Home / Analysis / SME survey: brokers confront their trust issues
8 April 2019
Brokers have received some tough feedback in the latest Vero SME Insurance Index, with declining trust levels and small businesses increasingly buying cover from the direct market.
The trust issues indicate brokers have been caught in a slump in confidence around financial services following the Hayne royal commission.
Vero’s SME survey was conducted after the sixth round of hearings, which focused on life and general insurance, and after mortgage brokers, financial advisers and banks had been hauled over the coals. Insurance brokers were barely mentioned, but the inquiry showed meeting expectations and delivering for clients is paramount and there’s no room for complacency.
Brokers need to be proactive in promoting their track record and the value they offer, particularly because the Hayne challenges add to the trend for circumspect views around professional practitioners, while more business is transacted online amid generational change.
This year’s index takes a closer look at the use of brokers versus the direct market, and finds a steady trend around recent purchases is reassuring on one level but only part of the picture.
The number of SMEs buying through both channels grew to 60% this year from 42% previously. Non-users of brokers declined to 24% from 31%, while heavy users fell to 16% from 27%.
Buying through both channels is common and increasing, with many different purchase options available, the report says. For respondents aged under 40, the picture is even starker, with 78% mixed users, 13% non-users of brokers and 10% heavy users.
Typically, hybrid users are likely to buy policies regarded as more simple, such as motor, through direct channels, while more complicated covers are bought through brokers.
SME bosses who think brokers are not up to date with current ways of working tend to use a combination of channels, while those that eschew broker services are also more likely to view the process as easy.
This year the number of SMEs saying they use brokers because of their expert knowledge and advice fell to 32% from 39%.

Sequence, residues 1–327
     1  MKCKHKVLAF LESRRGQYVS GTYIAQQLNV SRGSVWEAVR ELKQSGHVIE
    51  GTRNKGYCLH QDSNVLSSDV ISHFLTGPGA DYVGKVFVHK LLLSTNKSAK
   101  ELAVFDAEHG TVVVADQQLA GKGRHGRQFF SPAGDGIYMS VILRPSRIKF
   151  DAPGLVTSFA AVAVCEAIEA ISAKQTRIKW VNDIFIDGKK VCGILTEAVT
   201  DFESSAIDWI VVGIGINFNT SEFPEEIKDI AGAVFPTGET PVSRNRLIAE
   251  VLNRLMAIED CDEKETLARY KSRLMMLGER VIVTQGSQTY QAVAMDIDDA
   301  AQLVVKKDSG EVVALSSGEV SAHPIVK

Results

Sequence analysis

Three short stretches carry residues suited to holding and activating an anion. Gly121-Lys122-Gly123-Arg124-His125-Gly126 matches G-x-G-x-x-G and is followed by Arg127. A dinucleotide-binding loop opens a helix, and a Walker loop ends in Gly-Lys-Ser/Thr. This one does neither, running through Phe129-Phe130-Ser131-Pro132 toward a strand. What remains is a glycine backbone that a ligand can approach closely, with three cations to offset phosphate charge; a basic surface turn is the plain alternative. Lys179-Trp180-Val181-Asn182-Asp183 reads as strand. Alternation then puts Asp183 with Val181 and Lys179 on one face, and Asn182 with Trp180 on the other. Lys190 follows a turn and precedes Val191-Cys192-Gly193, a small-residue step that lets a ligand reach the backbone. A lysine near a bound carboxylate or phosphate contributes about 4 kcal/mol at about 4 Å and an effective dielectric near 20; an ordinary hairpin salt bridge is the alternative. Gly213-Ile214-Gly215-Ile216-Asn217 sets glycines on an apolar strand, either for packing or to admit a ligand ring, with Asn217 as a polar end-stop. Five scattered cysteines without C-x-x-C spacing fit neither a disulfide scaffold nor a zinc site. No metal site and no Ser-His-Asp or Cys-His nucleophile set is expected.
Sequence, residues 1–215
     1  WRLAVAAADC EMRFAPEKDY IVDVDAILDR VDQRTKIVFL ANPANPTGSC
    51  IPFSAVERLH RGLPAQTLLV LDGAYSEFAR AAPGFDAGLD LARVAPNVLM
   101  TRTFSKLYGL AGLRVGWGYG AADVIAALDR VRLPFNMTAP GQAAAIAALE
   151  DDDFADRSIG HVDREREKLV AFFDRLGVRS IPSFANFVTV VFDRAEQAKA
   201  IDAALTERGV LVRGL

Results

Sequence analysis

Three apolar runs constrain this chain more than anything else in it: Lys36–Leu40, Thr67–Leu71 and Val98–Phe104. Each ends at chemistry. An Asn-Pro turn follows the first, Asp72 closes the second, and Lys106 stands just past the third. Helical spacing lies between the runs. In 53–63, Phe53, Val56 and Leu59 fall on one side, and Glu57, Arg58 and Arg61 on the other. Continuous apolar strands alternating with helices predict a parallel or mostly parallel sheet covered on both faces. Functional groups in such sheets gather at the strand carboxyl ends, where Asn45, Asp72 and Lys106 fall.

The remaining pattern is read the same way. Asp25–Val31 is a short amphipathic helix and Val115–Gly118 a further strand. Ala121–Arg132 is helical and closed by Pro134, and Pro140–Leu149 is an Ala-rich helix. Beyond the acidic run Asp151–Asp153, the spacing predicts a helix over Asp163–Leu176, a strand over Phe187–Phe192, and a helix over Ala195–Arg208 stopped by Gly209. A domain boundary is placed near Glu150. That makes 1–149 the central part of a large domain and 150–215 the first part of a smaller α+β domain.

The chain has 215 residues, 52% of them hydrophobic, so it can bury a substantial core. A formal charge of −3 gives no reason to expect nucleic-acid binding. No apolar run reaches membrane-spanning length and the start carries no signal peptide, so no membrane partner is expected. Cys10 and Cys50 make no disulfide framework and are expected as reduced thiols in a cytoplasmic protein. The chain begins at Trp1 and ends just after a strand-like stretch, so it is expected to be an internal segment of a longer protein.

The belief that it’s simple affects perceptions of insurance brokers as experts, while the split between direct and intermediated also affects brokers’ ability to take a holistic view of customer risks, just as they are stepping up efforts to provide a broader advisory role.
Vero Head of Commercial Intermediaries Anthony Pagano says the figures point to the risk of SMEs being underinsured or buying cover that doesn’t meet their needs.
Respondents who say evaluating insurance needs is easy are more likely to have never conducted a formal risk analysis, and the risk of misunderstandings is highlighted because only 39% of respondents say policy wordings are simple.
“It is a complex product, no matter what people say, no matter what people think, particularly for commercial insurance,” Mr Pagano tells insuranceNEWS.com.au.
“There are so many different variables.”
Complacency during the purchasing process often comes home to roost at claims time – another area in which the SME index findings deliver mixed results for brokers.
Only 49% of respondents are satisfied with their claims experience, with dissatisfaction up in both channels – but 60% of medium-sized SMEs feel their experience would be worse without their broker involved.
Mr Pagano says the increased scrutiny and rising community expectations seen over the past year has flowed into the perceptions SMEs have of the claims process.
“When I meet with brokers across Australia, I see first-hand the value and support they are delivering for customers, particularly during claims time, so I’m encouraged that this trend should reverse next year,” he says.
The Vero report came as two companies launched campaigns to support brokers and their work. Premium Funding has mounted a $500,000 campaign that is understood to focus on social media channels.
Hollard Commercial Insurance (HCi) last week launched a year-long support campaign.
“We believe brokers are now more important than ever. And with intermediaries a core part of our business model we must look for ways to support them,” CEO Richard Heilig said.
About $11.5 billion in general insurance premiums were invoiced by intermediaries in the second half of last year, and the share placed by intermediaries continues to grow.
Mr Pagano says brokers must discuss with clients why they might want to go direct for some purchases, find out the types of assistance and services SMEs want to receive, and be transparent about their processes.
Brokers must also be active in demonstrating their expertise and the value they offer through broader risk assessment and providing confidence that a business can survive should something go wrong.
“SMEs are more confident of their risk preparedness when brokers are involved,” Mr Pagano says.
“SMEs are more likely to trust brokers that provide that in-depth analysis and risk profiling and are checking up with the insured on changes to their business.”
But while the Vero report reveals 41% of respondents believe a broker’s role is to advise on the type of policy to choose, only 22% see brokers as trusted risk advisers.
Brokers are typically proud of the role they play and the service they deliver. But the report suggests there’s work to be done and, in some areas of the market, messages are not getting out.